Protests against Emmanuel Macron have continued into their second week across the Muslim world in the wake of the leader’s comments over depictions of the Prophet Mohammed.
In Kolkata, India, thousands of protesters took to the streets today to express their outrage, and burned a model depicting the French President.
Meanwhile in Bangladesh, Muslims rallied and called for a boycott of French goods whilst condemning Macron for his remarks defending the controversial cartoons.
Protesters also swarmed the streets of Pakistan and burned pictures of the French President. It comes as Pakistani Prime Minister Imran Khan accused Macron of attacking and hurting the sentiments of millions.
Protesters burn an effigy depicting French President Emmanuel Macron during a demonstration in Kolkata, India on November 4
Muslims protest against the comments made by Macron regarding caricatures of Prophet Muhammad in Kolkata today
Muslims took to the streets in Sylhet, Bangladesh today and called for a boycott of French goods whilst condemning Macron for his comments
Protesters in Bangladesh today swarmed the streets of Sylhet and demonstrated against the French President’s comments
Protesters in Rawalpindi, Pakistan, today burned pictures of Macron
The protesters shout slogans and cheer before burning an effigy of Macron today in Rawalpindi
The protests have been raging for over a week across the world.
In Jakarta, more than 2,000 demonstrators wearing white Islamic robes gathered in front of the French embassy to express their outrage on Monday, and burned an effigy of the French President.
Meanwhile in Bangladesh, at least 50,000 people took part in the biggest demonstration yet over Macron’s remarks defending the controversial cartoons.
The protesters chanted ‘No defamation of the Prophet Mohammed’ and burned an effigy of the French leader.
Macron sparked protests across the Muslim world after the murder last month of teacher Samuel Paty – who had shown his class a cartoon of Mohammed – by saying France would never renounce its laws permitting the caricatures.
Following the teacher’s beheading, satirical French weekly Charlie Hebdo republished the controversial cartoons in September.
After three people were murdered in Nice on October 29 in the latest in a long line of terror attacks in France, Macron said that France will not ‘give up on our values’ despite fury at the offensive cartoons.
Today, French buses removed Borat posters after they led to an outcry from Muslims over the near-naked comedy character wearing a ring that reads ‘Allah’.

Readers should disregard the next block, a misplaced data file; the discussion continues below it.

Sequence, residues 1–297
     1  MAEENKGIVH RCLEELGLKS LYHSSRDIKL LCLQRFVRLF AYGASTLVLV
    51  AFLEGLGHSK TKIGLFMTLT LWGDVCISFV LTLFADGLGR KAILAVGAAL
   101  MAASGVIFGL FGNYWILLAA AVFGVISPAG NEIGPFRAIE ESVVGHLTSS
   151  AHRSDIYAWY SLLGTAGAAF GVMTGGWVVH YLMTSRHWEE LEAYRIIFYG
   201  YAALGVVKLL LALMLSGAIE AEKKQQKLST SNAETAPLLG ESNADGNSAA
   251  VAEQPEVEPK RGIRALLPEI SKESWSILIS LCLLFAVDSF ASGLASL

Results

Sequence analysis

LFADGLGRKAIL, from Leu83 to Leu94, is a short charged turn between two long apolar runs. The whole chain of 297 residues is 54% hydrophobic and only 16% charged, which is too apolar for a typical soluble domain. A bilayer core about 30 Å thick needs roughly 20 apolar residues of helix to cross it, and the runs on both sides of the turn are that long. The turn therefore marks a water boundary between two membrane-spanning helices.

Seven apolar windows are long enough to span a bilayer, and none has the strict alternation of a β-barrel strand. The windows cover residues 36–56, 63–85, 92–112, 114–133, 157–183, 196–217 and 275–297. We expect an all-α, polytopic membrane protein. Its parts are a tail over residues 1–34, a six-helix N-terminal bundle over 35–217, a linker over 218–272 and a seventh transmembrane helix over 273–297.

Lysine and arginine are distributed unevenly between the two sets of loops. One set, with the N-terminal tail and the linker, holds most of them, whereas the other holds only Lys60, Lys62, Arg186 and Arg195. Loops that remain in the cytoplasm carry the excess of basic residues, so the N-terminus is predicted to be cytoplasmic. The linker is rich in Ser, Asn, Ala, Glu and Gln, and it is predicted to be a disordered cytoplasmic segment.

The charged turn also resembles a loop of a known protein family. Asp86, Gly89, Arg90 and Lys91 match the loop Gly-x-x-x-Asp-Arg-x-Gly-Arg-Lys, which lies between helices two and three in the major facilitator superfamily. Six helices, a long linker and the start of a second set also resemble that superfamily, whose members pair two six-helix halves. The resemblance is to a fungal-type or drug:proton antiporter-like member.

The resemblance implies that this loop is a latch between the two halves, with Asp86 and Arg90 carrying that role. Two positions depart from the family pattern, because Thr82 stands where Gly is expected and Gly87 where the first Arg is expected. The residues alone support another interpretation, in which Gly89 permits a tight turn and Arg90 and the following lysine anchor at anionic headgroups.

Turkey has led the condemnation of France in recent days, with President Erdogan suggesting that Macron needs ‘mental checks’, comparing European leaders to ‘fascists’, and suggesting that Muslims in Europe are now treated the same as Jews before the Second World War.
Pakistani protesters shouted slogans during a demonstration against Macron in Rawalpindi
The Pakistani protesters gathered around and shouted slogans before burning an effigy of French President Macron
Protesters in Pakistan, some wearing masks, take to the streets. It comes as Pakistani Prime Minister Imran Khan accused Macron of attacking and hurting the sentiments of millions of Muslims across the world
Demonstrations continued today in Peshawar, Pakistan, where protesters held signs reading ‘Muhammad’
Thousands of protesters swarmed the streets of Dhaka, Bangladesh, on Monday to demonstrate against Macron
Indonesian Muslims burn a picture of Macron as they gather to condemn the French President’s comments in Jakarta, Indonesia on November 2
Macron told Al Jazeera on Saturday he believed the strong reactions had come from Muslim nations because people had mistakenly thought that he supported the cartoons.
‘I understand the sentiments being expressed and I respect them. But you must understand my role right now, it’s to do two things: to promote calm and also to protect these rights,’ he said.
‘I will always defend in my country the freedom to speak, to write, to think, to draw.
‘I think that the reactions came as a result of lies and distortions of my words because people understood that I supported these cartoons,” Macron said.
‘The caricatures are not a governmental project, but emerged from free and independent newspapers that are not affiliated with the government,’ he added.
French buses remove Borat posters after outcry from Muslims over the near-naked comedy character wearing a ring that reads ‘Allah’
A poster for the latest Borat film on Paris buses has caused anger among some French Muslims for featuring a nearly-naked Sacha Baron Cohen wearing a ring bearing the word ‘Allah’ in Arabic script.
Incensed locals have taken to social media, accusing the city’s authorities of insulting Islam.
While Paris’ main transport network RATP refused to remove the posters, buses on the TICE network, which operates in a largely-Muslim area, no longer feature the advert.
The poster, which can be seen on the side of many Parisian buses, shows English actor Baron Cohen wearing a gold ring with the word ‘Allah’ written on it in Arabic and wearing only a face mask to cover his genitals in tribute to the ‘mankini’ his Borat character wore in the first film.
The upset over the image comes at a time of sky-high tensions in France between the state, which argues that mocking religion is part of freedom of speech, and Muslims in France and beyond who feel especially targeted and disrespected by France’s stance.
A poster promoting the new Borat film on Paris’ buses has angered some Muslims in the city as actor Sacha Baron Cohen is pictured wearing a ring bearing the word ‘Allah’…and not much else
The poster, which can be seen on the side of many Parisian buses, shows English actor Baron Cohen wearing a gold ring (circled) with the word ‘Allah’ written on it in Arabic